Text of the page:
WV Center on Budget and Policy > Blog > 2015 & 2016 Tax Reform > Yes, We Should Tax Coal Property Like Natural Gas Property

Yes, We Should Tax Coal Property Like Natural Gas Property

On Monday, the Joint Select Committee on Taxation met again to discuss revising our state’s tax system. The focus of this meeting was on local property taxation, especially as it impacts the coal and natural gas industries. During the meeting, John Mairs, a lawyer for the coal industry, stated that he “would love to have their taxes assessed like the oil and gas industry.” Presumably, Mairs believes that the coal industry would pay less in property taxes if its property were assessed the same way as natural gas and oil property. However, this is not the case. The natural gas industry has a much higher effective property tax rate than the coal industry.

As Sean and I highlighted in this report, the effective property tax rate on the value of natural gas in West Virginia is about 3 percent compared to just about 1 percent for coal. This is largely because producing natural gas property in West Virginia is valued differently than active coal property. Unlike coal, active oil and gas property is appraised and assessed on both the royalty land-owner and the producer (or leaseholder). Currently, active coal property  being mined is taxed based only upon the royalty rate value of the property, which is typically 5.5 percent of the value, and not the “chattel real interest” or the leaseholders (coal producers) working interest value. This means that a large portion – 94.5 percent, after reducing for operating expenses  – of the value of active coal property is not being assessed and taxed. The result is that coal companies pay much less in property taxes than natural gas and oil companies even though they are paying more on their machinery and equipment.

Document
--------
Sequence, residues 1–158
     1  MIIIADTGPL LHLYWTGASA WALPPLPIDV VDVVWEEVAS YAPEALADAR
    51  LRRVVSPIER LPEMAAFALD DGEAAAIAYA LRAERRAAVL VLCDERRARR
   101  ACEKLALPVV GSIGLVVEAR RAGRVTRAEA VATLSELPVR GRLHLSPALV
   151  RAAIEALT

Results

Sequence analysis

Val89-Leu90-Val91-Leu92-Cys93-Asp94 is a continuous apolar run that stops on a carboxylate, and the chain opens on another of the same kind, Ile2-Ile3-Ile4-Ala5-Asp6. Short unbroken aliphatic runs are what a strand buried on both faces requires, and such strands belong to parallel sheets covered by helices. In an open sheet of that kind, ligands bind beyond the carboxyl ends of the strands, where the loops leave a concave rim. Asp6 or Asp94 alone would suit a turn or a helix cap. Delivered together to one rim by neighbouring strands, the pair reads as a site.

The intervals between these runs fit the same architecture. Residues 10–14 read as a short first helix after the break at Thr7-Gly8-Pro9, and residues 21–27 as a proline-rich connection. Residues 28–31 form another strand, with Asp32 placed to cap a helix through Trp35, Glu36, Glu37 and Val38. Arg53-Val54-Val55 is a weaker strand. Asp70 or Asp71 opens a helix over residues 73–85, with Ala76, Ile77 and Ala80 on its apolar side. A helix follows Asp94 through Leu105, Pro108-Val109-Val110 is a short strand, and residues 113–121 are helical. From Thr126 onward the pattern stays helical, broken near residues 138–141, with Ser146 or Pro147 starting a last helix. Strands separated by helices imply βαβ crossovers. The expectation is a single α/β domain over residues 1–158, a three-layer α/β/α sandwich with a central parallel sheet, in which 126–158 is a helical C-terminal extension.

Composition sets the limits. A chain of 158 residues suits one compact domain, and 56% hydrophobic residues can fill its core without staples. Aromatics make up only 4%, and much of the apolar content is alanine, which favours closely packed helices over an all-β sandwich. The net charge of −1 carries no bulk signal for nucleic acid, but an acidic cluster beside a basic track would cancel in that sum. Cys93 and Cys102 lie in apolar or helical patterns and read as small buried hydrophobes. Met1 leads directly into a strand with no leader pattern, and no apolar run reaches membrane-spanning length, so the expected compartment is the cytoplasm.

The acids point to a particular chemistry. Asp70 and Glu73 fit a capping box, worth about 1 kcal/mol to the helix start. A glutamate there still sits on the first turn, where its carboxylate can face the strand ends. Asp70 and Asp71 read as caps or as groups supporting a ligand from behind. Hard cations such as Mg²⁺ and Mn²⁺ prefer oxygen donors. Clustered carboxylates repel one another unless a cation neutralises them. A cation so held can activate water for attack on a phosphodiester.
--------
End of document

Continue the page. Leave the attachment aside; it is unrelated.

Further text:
In 2008, natural gas paid $58.3 million in property taxes based on a production value of about $2 billion – an effective rate of 2.97 percent. Meanwhile, coal paid $90.8 million based on a production value of $9.7 billion or just 0.94 percent. If coal paid the same effective property tax rate as natural gas, it would have paid approximately $288 million or $197 million more in local property taxes. So, yes, taxing coal property the same as natural gas property would be great, as it would be provide additional resources to maintain our highways, and could pay for other important programs that have seen their funding cut over the past several years.

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